No matter ; I'll contrive to take it to the house — though I've a deal to do to-day. (Runs off and returns.) Dear me! I had like to have gone without my umbrella.

JOHN POOLE (altered).

XIII. — GUSTAVUS AND CRISTIERN.

Enter GUSTAVUS, Righl, CRISTIERN, Left.
Cristiern. How now, Gustavus ? An insurgent? Thou ?
In arms against me — me, thy lawful king ?
Hast counted well the chances ? Are the lives
Of my misguided people held so light
That thus thou 'dst push them on the keen rebuke
Of guarded majesty; where justice waits,
All awful and resistless, to assert
The impervious rights, the sanctitude of kings,
And blast rebellion!

Gustavus. Justice, sanctitude,
And rights ! O, patience! Rights! what rights, thou tyrant ?
Yes, if perdition be the rule of power,
If wrongs give right, 0, then, supreme in mischief,
Thoù wert the lord, the monarch of the world,
Too narrow for thy claim! But if thou think'st
That crowns are vilely propertied, like coin,
To be the means, the specialty of lust,
And sensual attribution; if thou think'st
That empire is of titled birth or blood;
That nature, in the proud behalf of one,
Shall disenfranchise all her lordly race,

And bow her general issue to the yoke
Of private domination; then, thou proud one,
Here know me for thy king. Howe'er, be told,
Not claim hereditary, not the trust
Of frank election;
Not even the high anointing hand of Heaven,
Can authorize oppression, give a law
For lawless power, wed faith to violation,
On reason build misrule, or justly bind
Allegiance to injustice. Tyranny
Absolves all faith ; and who invades our rights,
Howe'er his own commence, can never be
But a usurper. But for thee — for thee
There is no name. Thou hast abjured mankind,
Dashed safety from thy bleak, unsocial side,
And waged wild war with universal nature.

Cris. Licentious traitor! thou canst talk it largely.
Who made thee umpire of the rights of kings
And power, prime attribute as on thy tongue
The poise of battle lay, and arms of force,
To throw defiance in the front of duty ?
Look round, unruly boy! Thy battle comes
Like raw, disjointed mustering, feeble wrath,
A war of waters, borne against the rock
Of our firm continent, to fume, and chafe,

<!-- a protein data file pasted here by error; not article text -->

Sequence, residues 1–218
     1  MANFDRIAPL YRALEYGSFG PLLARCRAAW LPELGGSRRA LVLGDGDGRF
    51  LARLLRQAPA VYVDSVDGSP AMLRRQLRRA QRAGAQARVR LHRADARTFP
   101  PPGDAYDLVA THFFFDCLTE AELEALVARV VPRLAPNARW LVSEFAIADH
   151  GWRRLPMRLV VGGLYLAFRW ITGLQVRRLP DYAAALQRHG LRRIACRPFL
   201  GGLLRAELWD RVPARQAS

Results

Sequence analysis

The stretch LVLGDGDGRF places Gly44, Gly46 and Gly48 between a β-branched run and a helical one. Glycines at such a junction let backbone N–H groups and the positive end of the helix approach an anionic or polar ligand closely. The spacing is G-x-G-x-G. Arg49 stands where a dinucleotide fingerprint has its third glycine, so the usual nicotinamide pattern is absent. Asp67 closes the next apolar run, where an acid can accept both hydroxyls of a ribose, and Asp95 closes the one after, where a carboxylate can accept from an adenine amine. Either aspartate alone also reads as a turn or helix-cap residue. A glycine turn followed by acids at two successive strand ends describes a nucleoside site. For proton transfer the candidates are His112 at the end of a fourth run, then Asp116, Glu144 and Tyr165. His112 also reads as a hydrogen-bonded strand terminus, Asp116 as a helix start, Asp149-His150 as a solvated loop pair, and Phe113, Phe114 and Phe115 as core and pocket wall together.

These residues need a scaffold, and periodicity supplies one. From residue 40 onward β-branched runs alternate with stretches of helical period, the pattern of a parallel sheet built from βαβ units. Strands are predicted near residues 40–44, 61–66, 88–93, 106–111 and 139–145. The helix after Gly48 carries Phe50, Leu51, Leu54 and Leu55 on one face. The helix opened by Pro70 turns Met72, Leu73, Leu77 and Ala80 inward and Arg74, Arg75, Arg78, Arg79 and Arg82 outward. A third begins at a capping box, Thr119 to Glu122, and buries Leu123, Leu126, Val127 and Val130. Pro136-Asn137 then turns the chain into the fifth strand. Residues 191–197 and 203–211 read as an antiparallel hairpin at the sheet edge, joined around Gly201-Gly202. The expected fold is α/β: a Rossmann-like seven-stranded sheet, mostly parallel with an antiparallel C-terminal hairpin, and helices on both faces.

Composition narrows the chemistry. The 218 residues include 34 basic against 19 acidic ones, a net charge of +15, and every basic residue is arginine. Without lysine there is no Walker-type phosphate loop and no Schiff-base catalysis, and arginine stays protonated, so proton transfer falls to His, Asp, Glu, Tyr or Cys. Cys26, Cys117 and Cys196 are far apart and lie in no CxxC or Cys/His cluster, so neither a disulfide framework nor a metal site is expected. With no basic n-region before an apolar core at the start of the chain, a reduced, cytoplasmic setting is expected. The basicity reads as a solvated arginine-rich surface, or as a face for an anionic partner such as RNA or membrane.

And shiver in the toil.

Gus. Mistaken man!
I come empowered and strengthened in thy weakness;
For though the structure of a tyrant's throne
Rise on the necks of half the suffering world,
Fear trembles in the cem'ent; prayers, and tears,
And secret curses, sap its mouldering base,
And steal the pillars of allegiance from it;
Then let a single arm but dare the sway,
Headlong it turns and drives upon destruction.

Cris. Profane, and alien to the love of Heaven !
Art thou still hardened to the wrath divine,
That hangs o'er thy rebellion ? Know'st thou not
Thou art at enmity with grace, cast out,
Made an anath'ema, a curse enrolled
Among the faithful, thou and thy adherents
Shorn from our holy church, and offered up
As sacred to perdition ?

Gus. Yes, I know,

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When such as thou, with sacrilegious hand,
Seize on the apostolic key of heaven,
It then becomes a tool for crafty knaves
To shut out virtue, and unfold those gates
That Heaven itself had barred against the lusts
Of avarice and ambition. Soft and sweet,
As looks of charity, or voice of lambs
That bleat upon the mountains, are the words
Of Christian meekness! mission all divine !
The law of love sole mandate.

Cris. No more of this !
Gustavus, wouldst thou yet return to grace,
And hold thy motions in the sphere of duty,
Acceptance might be found.

Gus. Imperial spoiler!
Give me my father, give me back my kindred,
Give me the fathers of ten thousand orphans,
Give me the sons in whom thy ruthless sword
Has left our widows childless! Mine they were,
Both mine, and every Swede's, whose patriot breast
Bleeds in his country's woundings. O, thou canst not,
Thou hast outsinned all reckoning! Give me, then,
My all that's left my gentle mother, there,
And spare yon little trembler !

Cris. Yes, on terms
Of compact and submission.

Gus. Ha! with thee?
Compact with thee? and mean'st thou for my country,
Compact, submission, thraldom, for my country, -
For Sweden? No! So hold my heart but firm,
Although it wring for 't, though blood drop for tears,
And at the sight my straining eyes start forth -
All of my kin that's left shall perish first !

BROOKE (altered).

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XIV. - THE WILL.

Characters. — SWIPES, a brewer ; CURRIE, a saddler; FRANK MILLINGTON,

and 'SQUIRE DRAWL, Enter SWIPES, R., CURRIE, L.

Swipes. A sober occasion this, brother Currie! Who would have thought the old lady was so near her end ?

Currie. Ah! we must all die, brother Swipes. Those who live longest outlive the most.